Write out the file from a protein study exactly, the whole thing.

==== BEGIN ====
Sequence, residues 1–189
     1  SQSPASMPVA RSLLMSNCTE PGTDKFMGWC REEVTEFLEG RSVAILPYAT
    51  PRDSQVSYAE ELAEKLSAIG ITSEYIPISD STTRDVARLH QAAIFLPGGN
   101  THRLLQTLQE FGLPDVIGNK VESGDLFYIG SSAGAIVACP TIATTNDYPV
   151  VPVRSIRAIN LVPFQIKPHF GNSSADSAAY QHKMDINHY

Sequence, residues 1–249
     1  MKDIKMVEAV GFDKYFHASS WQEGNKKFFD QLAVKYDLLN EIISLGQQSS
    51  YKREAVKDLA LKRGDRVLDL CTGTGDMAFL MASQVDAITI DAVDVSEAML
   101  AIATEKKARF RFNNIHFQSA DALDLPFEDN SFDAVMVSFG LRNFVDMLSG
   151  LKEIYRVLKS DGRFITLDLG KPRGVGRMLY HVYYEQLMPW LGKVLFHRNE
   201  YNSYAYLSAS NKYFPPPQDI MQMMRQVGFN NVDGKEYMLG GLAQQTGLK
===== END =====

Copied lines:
Sequence, residues 1–189
     1  SQSPASMPVA RSLLMSNCTE PGTDKFMGWC REEVTEFLEG RSVAILPYAT
    51  PRDSQVSYAE ELAEKLSAIG ITSEYIPISD STTRDVARLH QAAIFLPGGN
   101  THRLLQTLQE FGLPDVIGNK VESGDLFYIG SSAGAIVACP TIATTNDYPV
   151  VPVRSIRAIN LVPFQIKPHF GNSSADSAAY QHKMDINHY

Sequence, residues 1–249
     1  MKDIKMVEAV GFDKYFHASS WQEGNKKFFD QLAVKYDLLN EIISLGQQSS
    51  YKREAVKDLA LKRGDRVLDL CTGTGDMAFL MASQVDAITI DAVDVSEAML
   101  AIATEKKARF RFNNIHFQSA DALDLPFEDN SFDAVMVSFG LRNFVDMLSG
   151  LKEIYRVLKS DGRFITLDLG KPRGVGRMLY HVYYEQLMPW LGKVLFHRNE
   201  YNSYAYLSAS NKYFPPPQDI MQMMRQVGFN NVDGKEYMLG GLAQQTGLK